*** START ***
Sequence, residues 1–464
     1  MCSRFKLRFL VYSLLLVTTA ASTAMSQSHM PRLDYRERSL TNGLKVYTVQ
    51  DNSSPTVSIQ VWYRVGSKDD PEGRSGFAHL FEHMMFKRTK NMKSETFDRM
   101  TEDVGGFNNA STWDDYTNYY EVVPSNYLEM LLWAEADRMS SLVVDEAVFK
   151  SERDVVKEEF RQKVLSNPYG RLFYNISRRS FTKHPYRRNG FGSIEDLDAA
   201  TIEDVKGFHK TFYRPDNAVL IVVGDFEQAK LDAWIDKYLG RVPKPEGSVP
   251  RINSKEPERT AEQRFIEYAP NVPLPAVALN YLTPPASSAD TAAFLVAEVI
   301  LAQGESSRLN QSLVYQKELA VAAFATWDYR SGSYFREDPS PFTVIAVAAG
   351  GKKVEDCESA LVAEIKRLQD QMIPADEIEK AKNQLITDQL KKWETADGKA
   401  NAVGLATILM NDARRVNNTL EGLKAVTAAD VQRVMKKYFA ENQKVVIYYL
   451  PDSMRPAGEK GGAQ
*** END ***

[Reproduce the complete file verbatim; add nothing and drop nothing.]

Sequence, residues 1–464
     1  MCSRFKLRFL VYSLLLVTTA ASTAMSQSHM PRLDYRERSL TNGLKVYTVQ
    51  DNSSPTVSIQ VWYRVGSKDD PEGRSGFAHL FEHMMFKRTK NMKSETFDRM
   101  TEDVGGFNNA STWDDYTNYY EVVPSNYLEM LLWAEADRMS SLVVDEAVFK
   151  SERDVVKEEF RQKVLSNPYG RLFYNISRRS FTKHPYRRNG FGSIEDLDAA
   201  TIEDVKGFHK TFYRPDNAVL IVVGDFEQAK LDAWIDKYLG RVPKPEGSVP
   251  RINSKEPERT AEQRFIEYAP NVPLPAVALN YLTPPASSAD TAAFLVAEVI
   301  LAQGESSRLN QSLVYQKELA VAAFATWDYR SGSYFREDPS PFTVIAVAAG
   351  GKKVEDCESA LVAEIKRLQD QMIPADEIEK AKNQLITDQL KKWETADGKA
   401  NAVGLATILM NDARRVNNTL EGLKAVTAAD VQRVMKKYFA ENQKVVIYYL
   451  PDSMRPAGEK GGAQ